The each shelter has a population of about 25 birds (8 sq ft of shelter per bird). There are roosters with the hens in each flock. The wooded paddocks are about ¼ acre and the pasture areas are 2-5 acres in size. We like a very low population density and do not want areas to be over grazed or denuded.
We do plant pastures and paddocks with a wide array of plants for all livestock to graze. Some plants are intended to offer herbal/medicinal properties, some are intended as forage. Examples of herbal plantings are: wormwood and rosemary. Examples of forage plantings are: mixed grasses, legumes, comfrey, sunflower, native fruits (wild grapes/persimmons).
- How would you characterize the area in which you live—urban, suburban or rural? Are there any local regulations you had to meet to be able to raise chickens?Rural and agrarian community, no local regulations.
- Have you had problems with predators, and how have you solved them?Predators are infrequent and usually deterred by fencing or our dogs. Geese are used in remote paddocks to deter hawks with great success.
- Do you sell your eggs? If so, where and for how much?Yes, directly off the farm and to local restaurants. $3.50 per dozen or a case of 15 dozen for $45
- Can you estimate how much you earn per year, per bird?Each bird generates a net profit of about $25 annually from an average gross of $75. Then there is the economic gain of free fertility and pest control for the farm crops. We also hatch our own chicks, so there is the further benefit of inexpensive chicks and rooster for meat production.
- What do you think are the main reasons customers choose your eggs? (flavor, nutrition, more humane conditions, etc.)Everyone comments on the high standing yellow/orange yolks and the flavor. Folks honestly rave about the taste of our eggs.
- Do you have any notable comments from customers that you can share with us? Are there any customers whose contact information you can give us so we can talk directly with them about why they choose your eggs?Angie Martin, Family129@hotmail.com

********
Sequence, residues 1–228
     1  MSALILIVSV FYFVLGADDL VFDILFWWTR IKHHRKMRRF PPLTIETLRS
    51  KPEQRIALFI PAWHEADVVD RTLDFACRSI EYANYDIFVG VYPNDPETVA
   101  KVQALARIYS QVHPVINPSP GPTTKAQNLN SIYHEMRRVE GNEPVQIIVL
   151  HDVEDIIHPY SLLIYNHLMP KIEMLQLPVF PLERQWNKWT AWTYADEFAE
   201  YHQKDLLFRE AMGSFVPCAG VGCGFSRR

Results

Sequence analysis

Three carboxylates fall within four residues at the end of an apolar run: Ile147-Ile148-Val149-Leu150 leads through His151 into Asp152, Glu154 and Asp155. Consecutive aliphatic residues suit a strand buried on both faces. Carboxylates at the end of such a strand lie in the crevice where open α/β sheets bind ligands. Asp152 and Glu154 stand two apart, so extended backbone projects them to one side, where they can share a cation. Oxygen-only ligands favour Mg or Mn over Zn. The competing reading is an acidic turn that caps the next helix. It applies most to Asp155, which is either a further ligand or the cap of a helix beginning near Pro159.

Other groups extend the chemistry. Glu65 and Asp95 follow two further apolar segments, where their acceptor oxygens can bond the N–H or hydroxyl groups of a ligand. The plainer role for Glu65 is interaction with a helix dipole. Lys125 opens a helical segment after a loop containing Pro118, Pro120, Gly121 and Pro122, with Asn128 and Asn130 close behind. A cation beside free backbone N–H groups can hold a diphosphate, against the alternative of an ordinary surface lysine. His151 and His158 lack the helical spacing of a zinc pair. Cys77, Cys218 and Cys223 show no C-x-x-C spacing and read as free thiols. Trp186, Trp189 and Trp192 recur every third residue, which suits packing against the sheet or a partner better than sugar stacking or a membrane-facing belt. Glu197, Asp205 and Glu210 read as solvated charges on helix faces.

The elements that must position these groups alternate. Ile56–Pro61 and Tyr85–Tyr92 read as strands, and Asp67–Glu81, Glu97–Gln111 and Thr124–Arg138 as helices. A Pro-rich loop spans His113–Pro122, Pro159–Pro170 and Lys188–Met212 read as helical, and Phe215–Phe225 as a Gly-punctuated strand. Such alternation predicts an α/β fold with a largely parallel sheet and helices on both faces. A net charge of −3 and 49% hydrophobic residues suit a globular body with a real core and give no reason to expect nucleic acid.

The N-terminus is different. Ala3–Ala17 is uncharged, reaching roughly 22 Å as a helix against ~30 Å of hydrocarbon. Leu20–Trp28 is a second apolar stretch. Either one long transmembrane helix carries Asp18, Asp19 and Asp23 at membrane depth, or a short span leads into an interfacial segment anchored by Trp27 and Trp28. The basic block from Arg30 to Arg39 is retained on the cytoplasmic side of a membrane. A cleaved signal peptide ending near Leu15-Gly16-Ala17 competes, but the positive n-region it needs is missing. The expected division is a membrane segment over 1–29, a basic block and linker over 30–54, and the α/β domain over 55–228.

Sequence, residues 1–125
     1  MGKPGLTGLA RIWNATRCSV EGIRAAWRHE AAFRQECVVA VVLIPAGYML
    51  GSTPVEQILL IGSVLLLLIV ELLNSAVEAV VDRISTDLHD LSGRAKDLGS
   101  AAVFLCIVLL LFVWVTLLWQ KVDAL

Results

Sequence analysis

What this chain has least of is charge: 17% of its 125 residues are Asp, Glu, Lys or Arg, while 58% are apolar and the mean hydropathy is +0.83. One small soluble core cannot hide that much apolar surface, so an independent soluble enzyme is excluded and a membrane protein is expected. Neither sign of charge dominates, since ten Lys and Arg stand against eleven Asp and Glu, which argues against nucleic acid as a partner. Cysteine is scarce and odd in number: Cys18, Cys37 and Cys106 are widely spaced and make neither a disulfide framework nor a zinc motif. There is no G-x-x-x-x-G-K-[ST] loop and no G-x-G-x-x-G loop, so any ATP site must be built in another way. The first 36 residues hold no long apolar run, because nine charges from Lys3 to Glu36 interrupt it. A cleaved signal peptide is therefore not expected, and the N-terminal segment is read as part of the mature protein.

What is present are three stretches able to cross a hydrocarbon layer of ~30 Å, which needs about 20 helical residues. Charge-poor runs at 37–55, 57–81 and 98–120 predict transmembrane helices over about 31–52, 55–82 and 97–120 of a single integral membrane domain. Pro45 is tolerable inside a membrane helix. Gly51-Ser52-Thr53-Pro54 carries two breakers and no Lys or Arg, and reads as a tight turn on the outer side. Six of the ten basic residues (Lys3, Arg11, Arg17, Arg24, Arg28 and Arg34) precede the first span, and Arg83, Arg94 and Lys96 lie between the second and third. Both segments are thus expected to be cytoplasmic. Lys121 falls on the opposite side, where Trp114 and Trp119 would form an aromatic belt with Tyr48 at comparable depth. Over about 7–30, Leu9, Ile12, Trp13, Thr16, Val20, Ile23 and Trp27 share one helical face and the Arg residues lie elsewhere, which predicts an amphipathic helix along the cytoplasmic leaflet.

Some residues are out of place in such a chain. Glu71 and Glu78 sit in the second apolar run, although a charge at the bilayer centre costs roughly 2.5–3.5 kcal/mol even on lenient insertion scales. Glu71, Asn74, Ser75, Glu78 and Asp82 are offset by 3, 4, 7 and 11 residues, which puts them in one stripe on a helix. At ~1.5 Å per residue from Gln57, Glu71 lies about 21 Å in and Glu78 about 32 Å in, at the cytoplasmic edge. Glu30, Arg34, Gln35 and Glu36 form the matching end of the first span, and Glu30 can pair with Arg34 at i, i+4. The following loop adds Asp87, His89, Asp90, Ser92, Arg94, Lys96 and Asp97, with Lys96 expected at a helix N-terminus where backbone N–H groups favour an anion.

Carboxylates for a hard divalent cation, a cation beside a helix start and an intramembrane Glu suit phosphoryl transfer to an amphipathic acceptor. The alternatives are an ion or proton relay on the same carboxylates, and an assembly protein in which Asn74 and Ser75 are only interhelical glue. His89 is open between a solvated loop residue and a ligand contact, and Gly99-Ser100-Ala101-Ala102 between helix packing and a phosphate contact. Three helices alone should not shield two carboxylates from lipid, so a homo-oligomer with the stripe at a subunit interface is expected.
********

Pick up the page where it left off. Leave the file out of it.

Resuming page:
Padgett Station Café, Rachel Rose, firstname.lastname@example.org
- Many of you have expressed dismay at our using the term “free-range eggs,” because of the way that language has been tarnished by certain producers whose birds really have no access to fresh pasture. Are you aware of any of these “industrial free-range” farms in your area? If so, please provide us with as much information about the producer as possible.Not sure what the specific practices are of local, commercial egg operations, there are numerous. Some are caged birds are some are advertised as cage free, some as free range.
We refer to our birds/eggs as ‘pasture raised’ or ‘raised on pasture’.
- Feel free to share any additional comments with us.
NUTRITION TEST RESULTS
- On what date were your egg samples shipped to the lab?
Sent by Don Schrider of ALBC
- Please confirm that we have recorded your test results accurately. If your report shows different values, please indicate that by making a note on the correct line below.
Cholesterol: 321 mg
Omega-3: 590 mg
Vitamin E: 4 IU
Folic acid: 8.51 mg
Selenium: ND: 0.08
Beta carotene: 70 IU
Retinol: 613 IU
Total vitamin A: 683 IU